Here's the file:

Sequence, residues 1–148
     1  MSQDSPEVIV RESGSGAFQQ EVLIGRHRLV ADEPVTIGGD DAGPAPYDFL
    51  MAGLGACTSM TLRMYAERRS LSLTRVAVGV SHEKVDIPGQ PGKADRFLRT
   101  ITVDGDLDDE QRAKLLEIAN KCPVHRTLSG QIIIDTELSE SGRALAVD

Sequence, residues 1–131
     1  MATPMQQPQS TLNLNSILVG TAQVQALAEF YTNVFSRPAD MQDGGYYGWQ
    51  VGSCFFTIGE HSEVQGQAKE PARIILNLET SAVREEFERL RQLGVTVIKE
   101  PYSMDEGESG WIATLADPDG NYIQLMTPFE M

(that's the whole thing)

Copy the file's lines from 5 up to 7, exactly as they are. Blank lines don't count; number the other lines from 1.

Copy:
Sequence, residues 1–131
     1  MATPMQQPQS TLNLNSILVG TAQVQALAEF YTNVFSRPAD MQDGGYYGWQ
    51  VGSCFFTIGE HSEVQGQAKE PARIILNLET SAVREEFERL RQLGVTVIKE